James Comey's Ego has a lot to answer for

Trump calls Comey an 'untruthful slime ball'
Trump calls Comey an 'untruthful slime ball'

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Rob Crilly is a British journalist living in New York. He was The Telegraph's Afghanistan and Pakistan correspondent and was previously the East Africa correspondent for The Times of London. The opinions in this article are those of the author.

(CNN)Are these the end times for both America and the world?

An out-of-control ego intent on promoting its own interests -- with no regard for the usual norms and conventions -- dishes the dirt with cheap shots at opponents and boorish jokes about their personal appearance.
In so doing, it diminishes the standing and the status of one of America's great institutions, risking deadly confrontation and a spiral into war.
Yes, James Comey's Ego has a lot to answer for.
    Its new book, "A Higher Loyalty," to be published on Tuesday, has already attracted huge fanfare, shattering embargoes in a tidal wave of excitement.
    Not for the first time, James Comey's Ego propels itself to the center of American politics and the world stage.
    The book's pages detail how the Comey Ego first became a household name during the 2016 presidential election, taking on a pivotal role even as it sowed the seeds of its own downfall.
    It was not enough, you'll remember, that the FBI had pored through Hillary Clinton's emails as it investigated her use of a private email server and concluded that there were no charges to answer: James Comey's Ego wanted to be the one to announce it.
    Instead of simply dropping the matter, the result was a news conference at which James Comey's Ego spent 10 minutes denouncing Mrs. Clinton's email practices before getting to the fact that no further action would be taken. The news media got their headlines, as did James Comey's Ego.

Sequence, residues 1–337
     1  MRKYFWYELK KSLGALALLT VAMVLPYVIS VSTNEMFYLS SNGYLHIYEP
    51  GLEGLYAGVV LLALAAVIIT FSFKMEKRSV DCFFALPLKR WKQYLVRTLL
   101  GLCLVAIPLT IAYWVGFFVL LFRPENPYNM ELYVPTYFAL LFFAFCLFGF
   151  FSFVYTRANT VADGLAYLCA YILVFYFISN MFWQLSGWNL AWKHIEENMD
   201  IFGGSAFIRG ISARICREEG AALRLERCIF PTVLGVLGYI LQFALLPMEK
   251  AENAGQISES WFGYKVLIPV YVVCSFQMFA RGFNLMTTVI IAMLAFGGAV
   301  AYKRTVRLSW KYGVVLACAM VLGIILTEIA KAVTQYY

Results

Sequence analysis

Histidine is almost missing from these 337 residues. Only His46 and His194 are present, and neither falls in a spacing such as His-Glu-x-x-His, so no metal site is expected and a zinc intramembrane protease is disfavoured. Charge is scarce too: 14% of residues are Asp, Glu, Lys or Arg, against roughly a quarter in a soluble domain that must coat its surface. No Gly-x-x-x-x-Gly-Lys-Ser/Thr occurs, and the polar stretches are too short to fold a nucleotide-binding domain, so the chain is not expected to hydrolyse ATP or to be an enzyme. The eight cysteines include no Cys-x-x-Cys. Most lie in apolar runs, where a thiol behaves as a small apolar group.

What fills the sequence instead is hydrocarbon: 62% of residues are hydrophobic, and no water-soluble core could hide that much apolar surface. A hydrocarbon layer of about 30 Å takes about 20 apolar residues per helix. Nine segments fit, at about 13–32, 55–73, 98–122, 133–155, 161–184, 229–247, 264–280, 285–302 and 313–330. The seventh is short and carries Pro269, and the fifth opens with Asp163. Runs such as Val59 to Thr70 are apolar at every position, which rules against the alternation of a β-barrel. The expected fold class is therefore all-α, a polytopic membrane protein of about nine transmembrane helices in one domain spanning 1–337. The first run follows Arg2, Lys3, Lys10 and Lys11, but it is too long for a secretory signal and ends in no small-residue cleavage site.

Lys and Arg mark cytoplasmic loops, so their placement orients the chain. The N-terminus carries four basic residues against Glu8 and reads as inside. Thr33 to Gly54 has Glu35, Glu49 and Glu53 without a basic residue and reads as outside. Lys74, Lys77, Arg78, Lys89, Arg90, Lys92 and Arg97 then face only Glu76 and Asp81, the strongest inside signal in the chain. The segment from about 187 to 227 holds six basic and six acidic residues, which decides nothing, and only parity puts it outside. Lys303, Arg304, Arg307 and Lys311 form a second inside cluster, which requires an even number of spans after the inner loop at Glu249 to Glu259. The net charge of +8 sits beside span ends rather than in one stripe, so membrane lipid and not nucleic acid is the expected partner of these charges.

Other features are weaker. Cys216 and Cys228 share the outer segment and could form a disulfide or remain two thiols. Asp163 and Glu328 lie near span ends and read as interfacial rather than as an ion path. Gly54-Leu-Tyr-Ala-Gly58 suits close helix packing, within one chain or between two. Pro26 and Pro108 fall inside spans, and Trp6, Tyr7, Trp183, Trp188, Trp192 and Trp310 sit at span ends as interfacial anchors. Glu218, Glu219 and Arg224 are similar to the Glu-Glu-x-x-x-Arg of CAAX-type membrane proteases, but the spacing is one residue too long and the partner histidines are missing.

Worse followed when the FBI received a new batch of emails to probe. Just 11 days before election day, James Comey's Ego wrote to Congress announcing that the investigation was being reopened.
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    Not everyone in the office thought it a wise move, according to excerpts from the book.
    One colleague -- perhaps not given to the same sort of confidence and psephological foresight as the then-FBI director -- according to excerpts, asked: "Should you consider that what you are about to do may help elect Donald Trump president?"
    "No," came the answer of a figure so certain of a Hillary win that no opportunity for self-promotion need be missed.
    At this point you might be forgiven for thinking we had rather heard enough from James Comey's Ego. Having helped elect Mr. Trump, wouldn't the graceful thing be to step back, damage done, from the public scene?
    James Comey's Ego has other ideas, leaking details of presidential conversations to the media ahead of a blockbuster appearance before Congress last year.
    Its once-anonymous Twitter account gave nods and winks to friends and journalists in the know -- with posts linking to FBI job ads and the sort of moody pastoral scenes designed to spark a guessing game about the author's identity.
    And now we have the book, some of it based on notes kept during its time as FBI director, detailing the president's hand size ("it was smaller than mine but did not seem unusually so") and tie-length ("too long"). It picks over Trump's perhaps not unreasonable fury at unsubstantiated reports he cavorted with prostitutes in a Moscow hotel.
    It all makes for unedifying stuff. Not so much the high-minded work of a whistleblower with a cause as a lurid rant of an ego untethered. Is this how former directors of the FBI are supposed to behave?
    And it comes with dangers. At a time when this White House is under intense scrutiny, as investigators close in on former officials and their lies, at a time when Trump is weighing what might be the most consequential decision of his presidency and mulling whether to launch punishing military strikes against Syria, along comes James Comey's Ego, nursing a grievance.
    If we know anything at all about the ego in the White House it is that personal slights provoke immediate rage and unilateral distraction of the headline-generating kind.
    After first helping Mr. Trump win power, James Comey's Ego has thrown itself back into the political maelstrom and into the Syria calculus.
    At least we perhaps now understand the origins of the book's title, A Higher Purpose. For did you know that when James Comey's Ego draws itself up to its full height, it stands a full six feet eight inches tall?